Notwithstanding the provisions of section 106, the following are not infringements of copyright:
(1) performance or display of a work by instructors or pupils in the course of face-to-face teaching activities of a nonprofit educational institution, in a classroom or similar place devoted to instruction, unless, in the case of a motion picture or other audiovisual work, the performance, or the display of individual images, is given by means of a copy that was not lawfully made under this title, and that the person responsible for the performance knew or had reason to believe was not lawfully made;
The TEACH Act permits instructors to perform or display copyrighted works for distance education purposes. It allows transmission of digital resources to distance learning students and approves electronic storage of copyrighted content for brief periods of time. The TEACH Act also allows instructors to create digital versions of print works.
All types of digitized, copyrighted materials are affected by the TEACH Act, regardless of what format in which they were originally published.
What does the TEACH Act require of instructors and institutions when displaying copyrighted works during online instruction?
Instructors must inform students that the materials are copyrighted and cannot be redistributed, copied or revised. Instructors must also inform students not to save copyrighted materials on their computers.
Institutions must ensure that copyrighted materials can only be accessed by the instructor, enrolled students and administrators. Institutions must also require that students use login credentials to access copyrighted materials online.
Instructors must not use copyrighted, digitized resources developed and sold specifically for educational use. Instructors must also not digitize materials that are already available in a digital format.
Publication is no longer the key to obtaining federal copyright. When a work is "fixed in a tangible form of expression," it is protected underneath the U.S. Copyright Law. This also means that the use of a copyright notice is no longer required for protected works.
A work that was created (fixed in tangible form for the first time) on or after January 1, 1978, is automatically protected from the moment of its creation and is ordinarily given a term enduring for the author's life plus an additional 70 years after the author's death. In the case of “a joint work prepared by two or more authors who did not work for hire,” the term lasts for 70 years after the last surviving author's death. For works made for hire, and for anonymous and pseudonymous works (unless the author's identity is revealed in Copyright Office records), the duration of copyright will be 95 years from publication or 120 years from creation, whichever is shorter.
Works that were created before 1979 have been automatically brought under the statute and are now given federal copyright protection. The duration of copyright in these works is generally computed in the same way as for works created on or after January 1, 1978: the life-plus-70 or 95/120-year terms apply to them as well.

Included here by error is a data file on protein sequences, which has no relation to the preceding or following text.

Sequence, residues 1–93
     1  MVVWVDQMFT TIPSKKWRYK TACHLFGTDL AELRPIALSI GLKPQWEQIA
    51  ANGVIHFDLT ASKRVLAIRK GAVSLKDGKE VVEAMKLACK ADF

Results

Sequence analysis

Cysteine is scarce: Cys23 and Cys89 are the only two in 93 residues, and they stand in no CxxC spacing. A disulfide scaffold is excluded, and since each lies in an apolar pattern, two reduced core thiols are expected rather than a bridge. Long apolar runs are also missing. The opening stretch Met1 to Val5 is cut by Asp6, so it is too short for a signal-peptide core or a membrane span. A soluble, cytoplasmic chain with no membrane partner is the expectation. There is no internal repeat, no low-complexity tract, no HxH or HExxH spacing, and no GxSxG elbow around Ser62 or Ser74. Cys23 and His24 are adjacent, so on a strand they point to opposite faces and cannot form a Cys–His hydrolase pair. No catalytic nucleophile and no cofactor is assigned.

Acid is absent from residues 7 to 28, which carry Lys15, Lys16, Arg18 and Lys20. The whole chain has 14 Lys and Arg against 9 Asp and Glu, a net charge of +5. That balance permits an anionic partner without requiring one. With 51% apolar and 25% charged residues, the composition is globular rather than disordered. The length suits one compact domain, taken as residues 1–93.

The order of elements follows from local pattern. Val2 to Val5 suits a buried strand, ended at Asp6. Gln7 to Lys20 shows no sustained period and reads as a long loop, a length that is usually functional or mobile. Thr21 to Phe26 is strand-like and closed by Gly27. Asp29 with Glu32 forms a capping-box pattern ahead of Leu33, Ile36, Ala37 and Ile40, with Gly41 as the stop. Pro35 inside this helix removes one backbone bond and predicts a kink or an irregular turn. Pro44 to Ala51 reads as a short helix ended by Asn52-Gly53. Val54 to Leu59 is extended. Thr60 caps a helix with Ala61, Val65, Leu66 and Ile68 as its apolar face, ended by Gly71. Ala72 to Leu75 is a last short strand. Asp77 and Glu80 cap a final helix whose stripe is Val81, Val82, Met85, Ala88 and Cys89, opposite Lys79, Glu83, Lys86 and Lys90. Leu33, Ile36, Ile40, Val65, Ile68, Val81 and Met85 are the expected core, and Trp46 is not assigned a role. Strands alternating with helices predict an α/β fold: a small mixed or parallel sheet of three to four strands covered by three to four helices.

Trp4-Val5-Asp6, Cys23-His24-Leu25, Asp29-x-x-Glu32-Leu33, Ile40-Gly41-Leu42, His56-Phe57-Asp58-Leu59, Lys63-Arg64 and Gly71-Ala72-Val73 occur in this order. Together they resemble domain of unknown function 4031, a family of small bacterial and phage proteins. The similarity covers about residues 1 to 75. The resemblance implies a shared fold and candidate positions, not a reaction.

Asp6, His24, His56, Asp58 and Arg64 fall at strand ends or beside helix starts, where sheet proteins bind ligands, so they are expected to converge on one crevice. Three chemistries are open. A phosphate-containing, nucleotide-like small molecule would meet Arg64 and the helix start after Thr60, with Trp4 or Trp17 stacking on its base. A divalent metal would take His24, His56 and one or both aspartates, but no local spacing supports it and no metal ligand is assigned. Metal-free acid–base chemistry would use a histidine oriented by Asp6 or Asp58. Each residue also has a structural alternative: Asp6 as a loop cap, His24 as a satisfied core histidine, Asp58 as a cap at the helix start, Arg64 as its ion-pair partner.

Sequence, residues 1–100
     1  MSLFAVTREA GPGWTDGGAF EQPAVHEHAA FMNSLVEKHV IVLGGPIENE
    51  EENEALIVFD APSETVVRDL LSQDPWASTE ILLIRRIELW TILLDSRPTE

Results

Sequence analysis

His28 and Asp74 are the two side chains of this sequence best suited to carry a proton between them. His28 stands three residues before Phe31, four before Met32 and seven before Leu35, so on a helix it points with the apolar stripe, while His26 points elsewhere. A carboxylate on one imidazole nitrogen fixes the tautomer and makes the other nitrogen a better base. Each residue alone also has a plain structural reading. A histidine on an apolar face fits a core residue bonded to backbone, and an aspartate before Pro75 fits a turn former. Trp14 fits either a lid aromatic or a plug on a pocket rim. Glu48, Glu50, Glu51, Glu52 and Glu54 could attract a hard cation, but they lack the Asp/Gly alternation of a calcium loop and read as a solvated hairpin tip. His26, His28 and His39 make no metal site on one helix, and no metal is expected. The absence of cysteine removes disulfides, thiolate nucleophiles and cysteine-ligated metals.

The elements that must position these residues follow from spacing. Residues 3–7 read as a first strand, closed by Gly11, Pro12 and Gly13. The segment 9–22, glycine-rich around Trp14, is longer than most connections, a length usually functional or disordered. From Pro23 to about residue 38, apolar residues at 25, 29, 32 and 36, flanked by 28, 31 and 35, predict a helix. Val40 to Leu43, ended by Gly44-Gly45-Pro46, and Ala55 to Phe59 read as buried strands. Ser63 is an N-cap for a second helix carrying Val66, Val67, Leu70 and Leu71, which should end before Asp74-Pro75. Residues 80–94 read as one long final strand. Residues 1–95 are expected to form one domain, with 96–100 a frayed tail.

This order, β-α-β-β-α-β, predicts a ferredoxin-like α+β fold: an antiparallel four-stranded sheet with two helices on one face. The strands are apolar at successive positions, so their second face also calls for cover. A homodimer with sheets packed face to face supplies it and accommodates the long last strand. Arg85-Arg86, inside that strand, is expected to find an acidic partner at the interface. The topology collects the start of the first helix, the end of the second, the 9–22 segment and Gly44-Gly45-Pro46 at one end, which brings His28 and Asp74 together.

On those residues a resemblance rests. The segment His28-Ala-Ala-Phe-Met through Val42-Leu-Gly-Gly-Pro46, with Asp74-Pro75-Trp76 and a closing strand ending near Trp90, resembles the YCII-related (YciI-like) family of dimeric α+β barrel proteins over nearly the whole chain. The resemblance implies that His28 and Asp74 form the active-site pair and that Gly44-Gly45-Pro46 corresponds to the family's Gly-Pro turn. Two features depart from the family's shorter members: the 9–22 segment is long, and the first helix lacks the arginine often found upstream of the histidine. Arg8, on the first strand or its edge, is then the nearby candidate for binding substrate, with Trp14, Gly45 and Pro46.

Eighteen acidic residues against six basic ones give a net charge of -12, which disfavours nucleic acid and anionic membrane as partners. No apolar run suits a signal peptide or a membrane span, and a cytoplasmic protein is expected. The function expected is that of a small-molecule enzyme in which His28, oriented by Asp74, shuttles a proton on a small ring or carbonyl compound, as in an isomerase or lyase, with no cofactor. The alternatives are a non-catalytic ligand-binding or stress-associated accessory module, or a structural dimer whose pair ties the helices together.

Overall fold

It is illegal for anyone to violate any of the exclusive rights provided by the copyright law to the owner of copyright. These rights, however, are not unlimited in scope.
For works published before January 1, 1978, you may access copyright ownership information two ways.
- You may search the copyright card catalog which is located on the fourth floor (LM-404) of the James Madison Memorial Building of the Library of Congress. The public can use the catalog, which is staffed by a Copyright Office employee, between 8:30 am and 5:00 pm, Eastern Time, Monday through Friday, except federal holidays.
- Copyright Office staff can search copyright records for you. Upon payment of an hourly fee, the Office will conduct a search and provide a factual, noninterpretive report. To initiate a search, consult the bibliographer on duty when you visit the Office, complete the form available at www.copyright.gov/forms/search_estimate.html, or contact the Office at:
Library of Congress
Records Research and Certification Section
101 Independence Avenue SE
Washington, DC 20559-6300
fax: (202) 252-3485
tel: (202) 707-6850
For works published after January 1, 1978, you may search the copyright online catalog. This online catalog includes records of registered books, music, art, and periodicals, and other works. It also includes copyright ownership documents.
For more information, please see Circular 22: How to Investigate the Copyright Status of a Work.
The usual method of obtaining permission to use a copyrighted work is to simply ask the creator. If you do not know who the creator of a work is, the U.S. Copyright Office provides a searchable database that contains the copyright records from 1978 to the present.
The Copyright Clearance Center also provides services for obtaining permission to use copyrighted works for a fee.
University System of Georgia Policy on the Use of Copyrighted Works in Education and Research
Columbus State University adheres to the USG Policy on the Use of Copyrighted Works in Education and Research. This policy provides faculty, employees, and students of the University System of Georgia with a basic understanding of copyright and fair use.
- Fair Use Evaluator: A tool that goes through the four factors of Fair Use and helps users to determine whether Fair Use applies to their situation.
- Copyright Law of the United States: U.S. Copyright Office homepage
- Circular 1: Copyright Basics (published by the U.S. Copyright Office)
- Copyright Clearance Center: Provides access to copyright permissions for millions of publications worldwide
- Combating Illegal File Sharing: Contains institutional guidelines, articles, legal penalties, and other external copyright resources. A link to the Digital Millennium Copyright Act (DMCA) is also provided
- McGrail, E., & McGrail, J.P. (2010). Copying right and copying wrong with Web 2.0 tools in the teacher education and communications classrooms. Contemporary Issues in Technology and Teacher Education, 10(3). Retrieved from http://www.citejournal.org/vol10/iss3/languagearts/article1.cfm